A verbose and sprawling, yet well-researched and compelling, narrative history of how literary iconoclasts have run afoul of censors in America. For more than 80 years, beginning with the so-called ``Comstock Act'' of 1873, the federal government and the states cracked down on sexually oriented material, until the Warren Court, led by Justice William Brennan, sought to protect creative expression by taking on the nettlesome issue of defining obscenity (notably through the ``utterly without redeeming social value'' criterion). First Amendment attorney de Grazia (Law/Cardozo Law School; co-author, Banned Films, 1982)—who argued the landmark obscenity cases involving Tropic of Cancer and Naked Lunch—details the legal and personal reverses and victories experienced in this struggle by authors, publishers, and booksellers. Quoting extensively, even ad nauseam, from the participants, his account is at its most riveting and accessible for nonlawyers in depicting the adversity faced by the likes of Lawrence, Joyce, Dreiser, Edmund Wilson, Henry Miller, Burroughs, and Nabokov. Like many an author whose years of work have left him loath to leave anything out, however, de Grazia could have used an editor less squeamish about reducing his frequent redundancies and tangents (although the book is about American law, foreign cases involving Zola's La Terre and Radclyffe Hall's lesbian novel The Well of Loneliness are covered at length, as are the nonliterary trials of Lenny Bruce). Predictably, the author sees recent imbroglios involving 2 Live Crew, Robert Mapplethorpe, Karen Finley, etc., in the light of past cases, barely acknowledging new concerns about sexual violence, government art-funding, or the need to shield children from ever more explicit material. Despite its flaws, then, an essential reference on how artistic rebels have defied social norms on creative expression— and on how the judiciary has responded in incremental, sometimes contradictory, ways.

Pub Date: Feb. 1, 1991

ISBN: 0-394-57611-X

Page Count: 992

Publisher: Random House

Review Posted Online: May 20, 2010

Kirkus Reviews Issue: Nov. 15, 1991

Did you like this book?

No Comments Yet

Analyzing his craft, a careful craftsman urges with Thoreauvian conviction that writers should simplify, simplify, simplify.


New York Times columnist and editorial board member delivers a slim book for aspiring writers, offering saws and sense, wisdom and waggery, biases and biting sarcasm.

Klinkenborg (Timothy; or, Notes of an Abject Reptile, 2006), who’s taught for decades, endeavors to keep things simple in his prose, and he urges other writers to do the same. (Note: He despises abuses of the word as, as he continually reminds readers.) In the early sections, the author ignores traditional paragraphing so that the text resembles a long free-verse poem. He urges readers to use short, clear sentences and to make sure each one is healthy before moving on; notes that it’s acceptable to start sentences with and and but; sees benefits in diagramming sentences; stresses that all writing is revision; periodically blasts the formulaic writing that many (most?) students learn in school; argues that knowing where you’re headed before you begin might be good for a vacation, but not for a piece of writing; and believes that writers must trust readers more, and trust themselves. Most of Klinkenborg’s advice is neither radical nor especially profound (“Turn to the poets. / Learn from them”), and the text suffers from a corrosive fallacy: that if his strategies work for him they will work for all. The final fifth of the text includes some passages from writers he admires (McPhee, Oates, Cheever) and some of his students’ awkward sentences, which he treats analytically but sometimes with a surprising sarcasm that veers near meanness. He includes examples of students’ dangling modifiers, malapropisms, errors of pronoun agreement, wordiness and other mistakes.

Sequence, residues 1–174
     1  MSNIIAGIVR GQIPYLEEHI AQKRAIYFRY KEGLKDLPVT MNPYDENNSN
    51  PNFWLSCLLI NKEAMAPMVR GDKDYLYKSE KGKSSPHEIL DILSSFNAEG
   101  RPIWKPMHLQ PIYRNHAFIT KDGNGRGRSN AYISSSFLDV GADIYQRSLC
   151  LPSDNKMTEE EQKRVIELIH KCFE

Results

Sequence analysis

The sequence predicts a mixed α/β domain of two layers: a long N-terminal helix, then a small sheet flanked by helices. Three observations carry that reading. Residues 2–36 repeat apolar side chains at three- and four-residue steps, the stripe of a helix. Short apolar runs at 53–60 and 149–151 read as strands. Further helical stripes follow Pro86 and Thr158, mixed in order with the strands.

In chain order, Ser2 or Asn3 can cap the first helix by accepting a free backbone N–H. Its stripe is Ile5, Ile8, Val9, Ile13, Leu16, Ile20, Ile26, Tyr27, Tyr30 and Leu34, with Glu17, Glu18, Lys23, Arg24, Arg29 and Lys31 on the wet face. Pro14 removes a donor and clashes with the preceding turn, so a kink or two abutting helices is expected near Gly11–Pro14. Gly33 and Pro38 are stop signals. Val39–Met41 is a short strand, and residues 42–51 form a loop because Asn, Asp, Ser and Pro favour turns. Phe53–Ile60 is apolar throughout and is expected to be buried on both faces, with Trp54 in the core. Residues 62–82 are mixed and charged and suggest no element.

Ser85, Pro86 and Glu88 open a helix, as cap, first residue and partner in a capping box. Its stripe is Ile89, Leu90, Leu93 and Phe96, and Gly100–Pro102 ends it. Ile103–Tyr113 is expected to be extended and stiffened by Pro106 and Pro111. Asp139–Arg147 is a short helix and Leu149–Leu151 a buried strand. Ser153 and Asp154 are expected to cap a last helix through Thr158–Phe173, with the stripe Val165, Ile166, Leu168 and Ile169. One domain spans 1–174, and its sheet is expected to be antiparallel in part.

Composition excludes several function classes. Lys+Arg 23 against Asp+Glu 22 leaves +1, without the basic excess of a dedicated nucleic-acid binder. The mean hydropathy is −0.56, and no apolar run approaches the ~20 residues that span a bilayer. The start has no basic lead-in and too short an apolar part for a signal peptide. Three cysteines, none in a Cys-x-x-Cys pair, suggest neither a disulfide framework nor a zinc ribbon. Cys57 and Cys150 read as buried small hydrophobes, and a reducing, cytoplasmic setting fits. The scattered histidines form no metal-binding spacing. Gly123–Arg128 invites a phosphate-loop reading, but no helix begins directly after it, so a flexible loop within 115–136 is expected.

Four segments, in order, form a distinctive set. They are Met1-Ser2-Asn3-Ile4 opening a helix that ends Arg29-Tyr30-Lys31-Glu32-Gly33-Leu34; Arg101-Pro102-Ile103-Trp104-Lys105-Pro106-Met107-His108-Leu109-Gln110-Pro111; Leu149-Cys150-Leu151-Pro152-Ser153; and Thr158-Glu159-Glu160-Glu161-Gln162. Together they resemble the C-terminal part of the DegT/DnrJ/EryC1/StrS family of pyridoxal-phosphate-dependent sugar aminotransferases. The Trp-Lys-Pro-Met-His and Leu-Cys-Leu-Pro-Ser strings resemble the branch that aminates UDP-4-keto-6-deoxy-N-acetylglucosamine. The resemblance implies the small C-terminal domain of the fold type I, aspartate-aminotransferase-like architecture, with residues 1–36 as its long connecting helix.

Analyzing his craft, a careful craftsman urges with Thoreauvian conviction that writers should simplify, simplify, simplify.

Pub Date: Aug. 7, 2012

ISBN: 978-0-307-26634-7

Page Count: 224

Publisher: Knopf

Review Posted Online: May 14, 2012

Kirkus Reviews Issue: June 15, 2012

Did you like this book?

Stricter than, say, Bergen Evans or W3 ("disinterested" means impartial — period), Strunk is in the last analysis...



Privately published by Strunk of Cornell in 1918 and revised by his student E. B. White in 1959, that "little book" is back again with more White updatings.

Stricter than, say, Bergen Evans or W3 ("disinterested" means impartial — period), Strunk is in the last analysis (whoops — "A bankrupt expression") a unique guide (which means "without like or equal").

Pub Date: May 15, 1972

ISBN: 0205632645

Page Count: 105

Publisher: Macmillan

Review Posted Online: Oct. 28, 2011

Kirkus Reviews Issue: May 1, 1972

Did you like this book?